LISBON – Although it’s fair to say that Kia has made major inroads in terms of sales and product awareness in most market segments, few have regarded the Rio more than a value offering, never mind a VW Polo rival. Well folks, I believe it’s time we all had a rethink!
Having just driven 1,2- and 1,4-litre versions of the new B-segment hatchback, it is clear that the Korean car giant’s gifted design chief Peter Schreyer has left his signature on virtually every Kia passenger car from the newly-launched Picanto to the seven-seater Sorento. Schreyer’s design trademark can be summed up with the following excerpt that I penned from the comfort of my hotel bed: “Slim and extended ‘tiger nose’ grille, large swept-up headlights, raised shoulder line with thin glasshouse with chunky taillights at the back”; it works rather nicely, but the best executions are generally seen on larger models.
I think the automotive world has yet to launch a truly good-looking B-segment car. Fiat has probably come the closest with its Grande Punto, while Citroen's DS3 and Alfa Romeo’s Mito have their moments, but as for the rest… Sigh, well they’re all a bit middling, aren’t they? The new Rio is significant from an aesthetic point of view because it will be the first in its class to offer 17-inch rims on some models and feature LED running lights in the headlight clusters. Its front three quarter and side profile views are the most memorable, but the rear treatment is reminiscent of that of the now departed Seat Ibiza and the softer contours of a typically globular light hatchback don’t really flatter Schreyer’s cues that much.
Having said that, the Rio is undoubtedly eye-catching enough to get people into showrooms and, although I find the brighter non-metallic colour schemes a bit tart when combined with the chrome-accented 17-inch wheels (it might be a more prudent option to match a 16-inch wheel design with the Electric Blue or Wendy Grey metallic finish), it looks a bit more grown up, but not stodgy.
The new Rio might be a trifle longer, wider and lower than its predecessor and ride on a slightly extended wheelbase, but its interior is going to be a revelation to many. Although it is obvious that the newcomer has been trimmed and finished with budget constraints in mind, the product development team has been astute enough to ensure that the textured facia plastics and other tactile areas have just a little bit of give and aren’t too harsh on the eye or to the touch. The design of the dashboard is very elegant for a B segment car, with just a smidge of metallic accents on the minor controls, but the riffled ventilation and AC buttons that jut out from the metallic-look trailing edge of the facia seem a tad too chunky… I flicked on the front demister while hooking third gear on two occasions and my hands aren’t that large.
Let’s start with the bad news… Most of the cars available for the international press launch were specced to the nines and the hey-shoo-wow start-stop button, navigation system with rear camera, cruise control and automatic air-con functions aren’t likely to make it to our market. From there on in it’s all good news really, although the only real discernable spacial improvements are added front legroom and a more than handy claimed 288 dm3 of luggage space that can increase significantly with the rear seats folded (completely) flat, it is expected that automatically-activated lights and wipers will be on higher-spec models in our market, as well as Bluetooth connectivity. A multi-function steering wheel, air-conditioning with one-touch temperature control, auto-locking doors and USB and iPod sockets for the audio system should be standard for all models.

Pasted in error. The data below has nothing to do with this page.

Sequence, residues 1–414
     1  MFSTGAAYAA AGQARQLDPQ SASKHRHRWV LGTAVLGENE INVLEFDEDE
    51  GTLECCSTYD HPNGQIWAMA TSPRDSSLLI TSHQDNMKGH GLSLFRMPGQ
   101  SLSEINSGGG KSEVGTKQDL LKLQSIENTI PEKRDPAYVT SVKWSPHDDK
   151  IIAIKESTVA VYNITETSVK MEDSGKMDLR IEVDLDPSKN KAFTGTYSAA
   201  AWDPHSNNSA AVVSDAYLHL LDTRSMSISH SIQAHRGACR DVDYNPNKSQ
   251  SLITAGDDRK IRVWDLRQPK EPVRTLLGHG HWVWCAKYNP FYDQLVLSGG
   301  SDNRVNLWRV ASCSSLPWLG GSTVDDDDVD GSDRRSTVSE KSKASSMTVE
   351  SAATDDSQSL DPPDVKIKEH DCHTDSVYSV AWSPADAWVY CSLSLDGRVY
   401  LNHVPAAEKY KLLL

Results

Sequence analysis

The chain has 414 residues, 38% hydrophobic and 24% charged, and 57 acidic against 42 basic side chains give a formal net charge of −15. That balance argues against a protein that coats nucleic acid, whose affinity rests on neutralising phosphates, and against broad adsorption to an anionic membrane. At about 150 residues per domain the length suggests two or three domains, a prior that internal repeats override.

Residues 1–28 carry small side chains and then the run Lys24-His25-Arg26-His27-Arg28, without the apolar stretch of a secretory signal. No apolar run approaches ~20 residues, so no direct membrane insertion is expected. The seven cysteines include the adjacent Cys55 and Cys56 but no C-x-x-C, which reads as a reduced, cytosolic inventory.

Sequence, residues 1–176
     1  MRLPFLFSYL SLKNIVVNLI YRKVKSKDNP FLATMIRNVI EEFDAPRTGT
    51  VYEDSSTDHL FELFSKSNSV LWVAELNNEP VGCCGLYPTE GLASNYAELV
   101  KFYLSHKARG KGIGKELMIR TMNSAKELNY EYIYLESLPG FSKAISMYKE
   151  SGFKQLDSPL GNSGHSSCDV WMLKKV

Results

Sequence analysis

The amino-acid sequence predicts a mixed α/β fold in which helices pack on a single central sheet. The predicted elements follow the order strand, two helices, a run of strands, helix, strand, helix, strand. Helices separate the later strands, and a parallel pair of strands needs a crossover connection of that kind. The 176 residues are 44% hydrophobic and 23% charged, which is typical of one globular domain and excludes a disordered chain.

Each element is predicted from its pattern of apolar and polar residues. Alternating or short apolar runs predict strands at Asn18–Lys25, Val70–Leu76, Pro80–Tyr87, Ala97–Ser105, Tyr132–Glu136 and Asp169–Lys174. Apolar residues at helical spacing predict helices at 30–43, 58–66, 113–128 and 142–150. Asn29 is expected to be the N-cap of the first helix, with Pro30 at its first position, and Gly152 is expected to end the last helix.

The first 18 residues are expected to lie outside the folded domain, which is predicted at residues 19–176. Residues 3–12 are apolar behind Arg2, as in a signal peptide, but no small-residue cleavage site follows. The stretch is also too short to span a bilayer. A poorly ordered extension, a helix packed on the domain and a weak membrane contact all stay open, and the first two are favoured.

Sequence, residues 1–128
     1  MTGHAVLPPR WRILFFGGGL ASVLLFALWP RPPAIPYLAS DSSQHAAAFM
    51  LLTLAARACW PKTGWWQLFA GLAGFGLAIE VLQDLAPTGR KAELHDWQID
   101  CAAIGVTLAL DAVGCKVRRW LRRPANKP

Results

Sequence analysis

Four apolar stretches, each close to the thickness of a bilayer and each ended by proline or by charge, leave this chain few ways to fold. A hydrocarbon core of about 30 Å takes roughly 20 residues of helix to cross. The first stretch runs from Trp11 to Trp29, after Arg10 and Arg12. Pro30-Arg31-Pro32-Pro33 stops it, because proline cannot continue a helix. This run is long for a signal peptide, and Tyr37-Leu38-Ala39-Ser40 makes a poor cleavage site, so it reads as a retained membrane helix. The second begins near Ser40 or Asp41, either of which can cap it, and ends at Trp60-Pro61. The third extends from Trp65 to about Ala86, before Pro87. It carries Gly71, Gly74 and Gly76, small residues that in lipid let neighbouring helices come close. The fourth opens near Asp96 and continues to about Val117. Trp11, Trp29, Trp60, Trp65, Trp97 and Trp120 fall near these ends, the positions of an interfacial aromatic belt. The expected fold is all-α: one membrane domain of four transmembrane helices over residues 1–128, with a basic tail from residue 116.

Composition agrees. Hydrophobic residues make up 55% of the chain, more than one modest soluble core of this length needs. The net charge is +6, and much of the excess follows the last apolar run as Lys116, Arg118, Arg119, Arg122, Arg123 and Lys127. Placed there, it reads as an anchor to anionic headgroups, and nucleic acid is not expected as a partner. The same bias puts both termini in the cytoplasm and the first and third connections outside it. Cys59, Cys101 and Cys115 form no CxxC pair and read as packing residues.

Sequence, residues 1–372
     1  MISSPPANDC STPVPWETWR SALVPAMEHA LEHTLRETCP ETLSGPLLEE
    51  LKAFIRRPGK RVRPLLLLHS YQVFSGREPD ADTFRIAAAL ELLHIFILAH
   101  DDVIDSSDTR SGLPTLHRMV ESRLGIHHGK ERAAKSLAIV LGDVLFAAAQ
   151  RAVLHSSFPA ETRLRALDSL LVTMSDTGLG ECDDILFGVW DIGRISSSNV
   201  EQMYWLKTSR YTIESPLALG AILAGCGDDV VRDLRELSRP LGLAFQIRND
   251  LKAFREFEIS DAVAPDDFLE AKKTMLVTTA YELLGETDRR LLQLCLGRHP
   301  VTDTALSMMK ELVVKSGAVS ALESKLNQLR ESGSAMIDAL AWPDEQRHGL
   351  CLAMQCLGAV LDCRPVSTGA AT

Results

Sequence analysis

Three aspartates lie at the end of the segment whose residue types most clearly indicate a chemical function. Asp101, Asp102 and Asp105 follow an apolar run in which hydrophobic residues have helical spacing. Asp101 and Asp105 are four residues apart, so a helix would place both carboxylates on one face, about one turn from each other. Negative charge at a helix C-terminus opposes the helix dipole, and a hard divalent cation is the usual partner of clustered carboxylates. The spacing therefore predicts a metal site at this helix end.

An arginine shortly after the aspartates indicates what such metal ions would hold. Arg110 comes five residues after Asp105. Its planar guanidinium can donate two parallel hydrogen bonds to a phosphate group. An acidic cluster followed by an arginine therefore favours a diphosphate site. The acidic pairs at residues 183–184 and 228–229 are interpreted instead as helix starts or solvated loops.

We didn’t really have the opportunity to test the dynamic limitations of the Rio on the busy streets on the outskirts of Lisbon, but I am happy to report that the newcomer’s steering feel has been firmed up appreciably compared with that of the Cerato, and the ride quality, although on the firmer side of supple, feels less insular in the way the suspension soaks up bumps. I also liked the progressive feel of the clutch pedal and the directness of gear changes through the shift gate. With a modest 153 N.m on tap, the 1,4-litre six-speed model performs fairly, but in its defence, the motor feels smooth, has a CO2 rating of 167 g/km and a claimed combined consumption figure of 7,0 L/100 km on the combined cycle… Suffice to say that I am keenly looking forward to Hyundia/Kia's promised engine development push.
In conclusion however, I find there is overwhelming evidence that Kia Motors SA will be in a position to seriously challenge the leaders of the B-segment when the new Rio arrives in the local market in a couple of months’ time. In terms of design, packaging, build quality and especially specification, the Rio has a helluva lot going for it. South Africa will be getting both 1,2 and 1,4 in LX and EX spec and, although at the time of writing the respective models’ standard equipment manifests were still being concluded, expect the entry-level product to start at around the R160k mark. The only thing that remains to be seen is whether Kia Motor SA will back up its five-year/150 000 km warranty with some kind of inclusive service plan. I suspect that a service plan will be optional – but there should be a load of toys to sweeten the Rio as a purchasing proposition.